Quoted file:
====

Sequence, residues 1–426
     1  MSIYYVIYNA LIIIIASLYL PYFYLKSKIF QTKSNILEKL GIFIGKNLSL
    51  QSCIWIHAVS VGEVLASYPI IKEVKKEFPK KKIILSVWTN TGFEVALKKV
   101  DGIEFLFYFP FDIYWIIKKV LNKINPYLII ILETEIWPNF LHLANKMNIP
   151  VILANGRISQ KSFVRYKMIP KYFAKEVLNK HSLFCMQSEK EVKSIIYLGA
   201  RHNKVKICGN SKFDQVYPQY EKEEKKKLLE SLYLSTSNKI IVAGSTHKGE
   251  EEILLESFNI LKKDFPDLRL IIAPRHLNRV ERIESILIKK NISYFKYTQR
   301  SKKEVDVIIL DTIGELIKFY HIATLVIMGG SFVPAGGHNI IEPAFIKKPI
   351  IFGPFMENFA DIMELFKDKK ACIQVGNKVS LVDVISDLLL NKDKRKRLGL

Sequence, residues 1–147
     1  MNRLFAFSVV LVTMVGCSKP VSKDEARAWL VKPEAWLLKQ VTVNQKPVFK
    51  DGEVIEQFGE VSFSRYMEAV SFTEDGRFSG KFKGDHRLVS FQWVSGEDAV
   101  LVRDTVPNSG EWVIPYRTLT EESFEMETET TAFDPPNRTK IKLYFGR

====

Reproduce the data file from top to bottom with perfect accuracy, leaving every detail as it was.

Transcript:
Sequence, residues 1–426
     1  MSIYYVIYNA LIIIIASLYL PYFYLKSKIF QTKSNILEKL GIFIGKNLSL
    51  QSCIWIHAVS VGEVLASYPI IKEVKKEFPK KKIILSVWTN TGFEVALKKV
   101  DGIEFLFYFP FDIYWIIKKV LNKINPYLII ILETEIWPNF LHLANKMNIP
   151  VILANGRISQ KSFVRYKMIP KYFAKEVLNK HSLFCMQSEK EVKSIIYLGA
   201  RHNKVKICGN SKFDQVYPQY EKEEKKKLLE SLYLSTSNKI IVAGSTHKGE
   251  EEILLESFNI LKKDFPDLRL IIAPRHLNRV ERIESILIKK NISYFKYTQR
   301  SKKEVDVIIL DTIGELIKFY HIATLVIMGG SFVPAGGHNI IEPAFIKKPI
   351  IFGPFMENFA DIMELFKDKK ACIQVGNKVS LVDVISDLLL NKDKRKRLGL

Sequence, residues 1–147
     1  MNRLFAFSVV LVTMVGCSKP VSKDEARAWL VKPEAWLLKQ VTVNQKPVFK
    51  DGEVIEQFGE VSFSRYMEAV SFTEDGRFSG KFKGDHRLVS FQWVSGEDAV
   101  LVRDTVPNSG EWVIPYRTLT EESFEMETET TAFDPPNRTK IKLYFGR